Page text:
The latest collaboration between Denmark's Carl Martin and jazz-fusion great Greg Howe is a 3-channel unit that aims to shatter any preconceived notions that a signature pedal might carry. The channels are simple with boost, crunch, and high-gain functions that can be activated independently or in combination. It’s exactly the type of pedal you can throw in your gig bag on the way to a jam and know that you’ll be covered with the right sounds, no matter where the music heads.
The one-knob boost channel proved to be robust and transparent, and it didn’t add much noticeable coloration to my base tone. (Bonus: The boost also worked exceptionally well with other drive pedals.) When I think of Howe’s playing, I imagine a thick, bottom-heavy lead tone that lends itself to fluid legato runs. The crunch and high-gain channels fulfill those ideals, and do so in a streamlined, yet versatile, way. Though each of these channels have only a single tone knob, I found the range of both knobs to be quite balanced. I was also pleased by how effective they were with both single-coils and humbuckers. My preferred tone settings hovered close to noon, depending on the guitar/amp combo. With the gain set at noon, I could dial in a rootsy rhythm tone on the crunch channel, and still have plenty of gain on tap via either the boost or—if I needed to get really crazy—the high-gain channel. Admittedly, I had some doubts about how useful a “Greg Howe” pedal could be to my particular tastes, but the Lick Box smashed those notions in a most inspiring way.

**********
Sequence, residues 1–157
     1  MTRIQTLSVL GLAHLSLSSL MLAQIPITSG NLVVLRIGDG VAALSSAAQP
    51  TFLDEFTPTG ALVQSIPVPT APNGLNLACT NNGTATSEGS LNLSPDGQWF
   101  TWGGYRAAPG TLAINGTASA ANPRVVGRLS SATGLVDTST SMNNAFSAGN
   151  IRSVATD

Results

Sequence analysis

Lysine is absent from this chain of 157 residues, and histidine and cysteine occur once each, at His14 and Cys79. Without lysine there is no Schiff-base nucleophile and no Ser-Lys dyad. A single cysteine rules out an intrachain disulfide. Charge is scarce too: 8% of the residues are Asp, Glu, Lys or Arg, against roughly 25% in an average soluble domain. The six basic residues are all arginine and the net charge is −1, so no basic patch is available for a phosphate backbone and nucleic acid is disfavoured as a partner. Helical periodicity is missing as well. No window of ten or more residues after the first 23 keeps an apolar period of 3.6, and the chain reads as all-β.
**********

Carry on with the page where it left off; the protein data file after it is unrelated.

Test gear: Fender Stratocaster, Fender Telecaster, Les Paul Custom, Fender Hot Rod DeVille ML212
Plenty of tone options for the non-shred set. Very organic crunch channel.
No independent routing.
Carl Martin Greg Howe's Lick Box